Speak the truth, even if your voice trembles.
The fact is, sometimes the right thing to do is stay quiet when everyone else is wrong. Let's illustrate with the parable of the raft:
Once upon a time, a group of people were shipwrecked on an island. There was a fishing port nearby where they could get help, but only if they could sail there.
Roger, a bright but awkward man, thought he might be able to build a raft and figure out how to sail it, though he did not know all the details yet. He offered to do so.
William, the de-facto leader of the group, thought this was a good idea, but saw that putting Roger in charge of such a project would threaten to upset his own carefully maintained social position, which he believed to be a stabilizing factor in the group. Therefore he proposed that they should build the raft as a group, with everyone's opinion taken into account, so as to maximize the information available. After all, none of them were experts, and it was good to make sure everyone felt included, for the sake of social stability. He gave an eloquent speech in favor of this approach, and most everyone agreed heartily that it was the best way to go.
After a few days of meetings and debates and a small bit of progress towards deciding how to put the raft together, Roger suspected that this method wasn't going to work. Though he wasn't a persuasive speaker, he tried to speak up, and said that they were all going about it all wrong, and that good ideas were being drowned out by an uninformed consensus, and they should just let him do it.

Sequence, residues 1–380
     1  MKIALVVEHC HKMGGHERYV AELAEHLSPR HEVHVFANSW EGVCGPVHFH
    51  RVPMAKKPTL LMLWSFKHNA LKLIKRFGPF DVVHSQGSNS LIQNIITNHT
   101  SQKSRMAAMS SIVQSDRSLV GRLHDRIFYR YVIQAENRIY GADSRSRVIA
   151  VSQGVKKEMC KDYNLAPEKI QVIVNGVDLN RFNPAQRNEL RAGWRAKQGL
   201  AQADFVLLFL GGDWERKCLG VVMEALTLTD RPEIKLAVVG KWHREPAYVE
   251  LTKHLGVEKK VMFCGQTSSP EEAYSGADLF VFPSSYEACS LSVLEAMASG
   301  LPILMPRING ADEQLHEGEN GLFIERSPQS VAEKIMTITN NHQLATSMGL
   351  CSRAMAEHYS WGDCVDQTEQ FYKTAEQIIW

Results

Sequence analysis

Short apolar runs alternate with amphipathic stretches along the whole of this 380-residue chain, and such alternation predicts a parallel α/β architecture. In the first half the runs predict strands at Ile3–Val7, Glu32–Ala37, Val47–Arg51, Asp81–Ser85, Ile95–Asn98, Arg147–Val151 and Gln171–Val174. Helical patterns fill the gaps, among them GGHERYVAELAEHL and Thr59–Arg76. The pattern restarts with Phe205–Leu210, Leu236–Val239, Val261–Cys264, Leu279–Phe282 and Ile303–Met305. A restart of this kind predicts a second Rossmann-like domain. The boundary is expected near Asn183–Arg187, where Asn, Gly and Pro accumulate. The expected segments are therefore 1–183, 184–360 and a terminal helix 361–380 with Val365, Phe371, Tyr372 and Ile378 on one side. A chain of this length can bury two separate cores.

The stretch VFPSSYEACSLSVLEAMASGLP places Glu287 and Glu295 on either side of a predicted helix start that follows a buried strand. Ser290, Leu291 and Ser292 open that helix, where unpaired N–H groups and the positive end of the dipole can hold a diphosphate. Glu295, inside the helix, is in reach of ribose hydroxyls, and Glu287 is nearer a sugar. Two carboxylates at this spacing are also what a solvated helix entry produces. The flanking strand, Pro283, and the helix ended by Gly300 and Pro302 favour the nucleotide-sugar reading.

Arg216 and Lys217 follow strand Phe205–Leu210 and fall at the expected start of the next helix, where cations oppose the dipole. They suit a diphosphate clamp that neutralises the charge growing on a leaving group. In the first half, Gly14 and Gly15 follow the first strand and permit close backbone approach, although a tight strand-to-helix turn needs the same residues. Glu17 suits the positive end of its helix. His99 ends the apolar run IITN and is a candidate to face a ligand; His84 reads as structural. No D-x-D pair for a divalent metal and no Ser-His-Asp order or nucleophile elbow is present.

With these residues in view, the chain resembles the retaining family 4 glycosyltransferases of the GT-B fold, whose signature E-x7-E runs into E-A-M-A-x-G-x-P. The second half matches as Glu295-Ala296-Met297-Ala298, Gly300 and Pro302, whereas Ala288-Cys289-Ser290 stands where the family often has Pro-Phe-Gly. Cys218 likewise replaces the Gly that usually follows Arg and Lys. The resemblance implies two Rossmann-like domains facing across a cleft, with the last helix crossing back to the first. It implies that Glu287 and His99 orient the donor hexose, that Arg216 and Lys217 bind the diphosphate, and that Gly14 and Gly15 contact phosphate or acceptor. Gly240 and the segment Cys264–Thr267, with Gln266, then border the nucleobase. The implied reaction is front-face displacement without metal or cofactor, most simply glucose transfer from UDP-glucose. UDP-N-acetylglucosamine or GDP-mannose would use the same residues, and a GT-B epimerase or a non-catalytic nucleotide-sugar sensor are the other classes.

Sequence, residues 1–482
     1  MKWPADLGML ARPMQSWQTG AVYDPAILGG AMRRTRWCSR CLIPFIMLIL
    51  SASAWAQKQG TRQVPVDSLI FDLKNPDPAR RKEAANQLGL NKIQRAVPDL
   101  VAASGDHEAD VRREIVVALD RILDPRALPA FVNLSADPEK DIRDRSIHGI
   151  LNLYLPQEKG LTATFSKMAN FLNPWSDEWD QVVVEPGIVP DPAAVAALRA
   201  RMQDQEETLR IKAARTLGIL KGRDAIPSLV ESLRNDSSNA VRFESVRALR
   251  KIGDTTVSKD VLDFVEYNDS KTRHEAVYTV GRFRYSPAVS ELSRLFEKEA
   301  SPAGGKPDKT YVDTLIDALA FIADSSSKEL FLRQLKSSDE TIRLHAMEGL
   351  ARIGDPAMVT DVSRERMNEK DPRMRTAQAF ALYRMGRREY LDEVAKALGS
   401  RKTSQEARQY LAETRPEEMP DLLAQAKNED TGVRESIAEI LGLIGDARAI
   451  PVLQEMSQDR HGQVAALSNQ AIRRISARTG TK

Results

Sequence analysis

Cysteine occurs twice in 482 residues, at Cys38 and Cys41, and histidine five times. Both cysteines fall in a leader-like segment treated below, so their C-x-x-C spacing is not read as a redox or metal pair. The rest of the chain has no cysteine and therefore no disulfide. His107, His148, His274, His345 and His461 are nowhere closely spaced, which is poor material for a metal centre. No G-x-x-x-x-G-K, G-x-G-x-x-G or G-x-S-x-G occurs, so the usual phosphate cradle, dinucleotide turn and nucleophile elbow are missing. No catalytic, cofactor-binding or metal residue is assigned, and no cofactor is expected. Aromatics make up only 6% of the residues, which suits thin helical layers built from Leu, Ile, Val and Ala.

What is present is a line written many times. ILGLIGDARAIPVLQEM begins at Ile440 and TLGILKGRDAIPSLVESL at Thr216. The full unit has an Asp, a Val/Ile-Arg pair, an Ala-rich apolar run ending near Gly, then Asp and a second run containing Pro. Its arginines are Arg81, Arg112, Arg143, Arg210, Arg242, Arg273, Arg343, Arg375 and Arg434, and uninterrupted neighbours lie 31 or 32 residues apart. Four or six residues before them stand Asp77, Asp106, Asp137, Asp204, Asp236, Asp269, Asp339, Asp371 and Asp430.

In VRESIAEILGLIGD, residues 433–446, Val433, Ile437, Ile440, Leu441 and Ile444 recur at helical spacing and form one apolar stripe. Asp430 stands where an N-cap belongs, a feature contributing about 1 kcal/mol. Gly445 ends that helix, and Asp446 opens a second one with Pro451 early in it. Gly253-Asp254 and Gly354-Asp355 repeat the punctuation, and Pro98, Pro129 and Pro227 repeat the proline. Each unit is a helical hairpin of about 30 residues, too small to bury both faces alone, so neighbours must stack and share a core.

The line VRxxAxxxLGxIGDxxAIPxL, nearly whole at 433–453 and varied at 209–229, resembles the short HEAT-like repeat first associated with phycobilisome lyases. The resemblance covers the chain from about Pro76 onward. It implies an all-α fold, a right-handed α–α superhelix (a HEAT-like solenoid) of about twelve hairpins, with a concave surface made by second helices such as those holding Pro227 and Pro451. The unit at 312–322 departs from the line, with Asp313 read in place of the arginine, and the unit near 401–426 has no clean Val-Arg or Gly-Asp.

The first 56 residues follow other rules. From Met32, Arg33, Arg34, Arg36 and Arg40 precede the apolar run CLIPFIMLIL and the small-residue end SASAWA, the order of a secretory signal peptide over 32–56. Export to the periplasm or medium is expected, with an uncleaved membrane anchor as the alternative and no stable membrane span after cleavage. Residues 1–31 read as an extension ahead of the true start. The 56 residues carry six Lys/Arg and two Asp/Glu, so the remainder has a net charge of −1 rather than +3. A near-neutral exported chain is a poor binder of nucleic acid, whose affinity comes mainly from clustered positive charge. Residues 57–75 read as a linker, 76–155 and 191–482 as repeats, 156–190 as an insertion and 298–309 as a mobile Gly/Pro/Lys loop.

William, again wary of the "social instability" of allowing Roger to dominate the project, cleverly turned group opinion against him. How dare he suggest that they were incompetent? How dare he go against what the group had decided? Did he think he ought to be leader? How presumptuous.
With the group all unanimously telling him he was wrong, and urging him to just go along with things, Roger started to doubt himself. After all, it was just a hunch that he could do it better than the whole group. Was it really worth all this? He apologized and backed down.
But despite his capitulation, Roger could not shake the feeling that this was not a hard problem, and that he could do better. He resolved to secretly build and learn how to sail a raft.
After the first few days of his work in another area away from the group, people started to question his absences. Why wasn't he helping? Where was he? He wasn't attempting to build a raft, was he? That would be insulting to the rest of the group, and antisocial.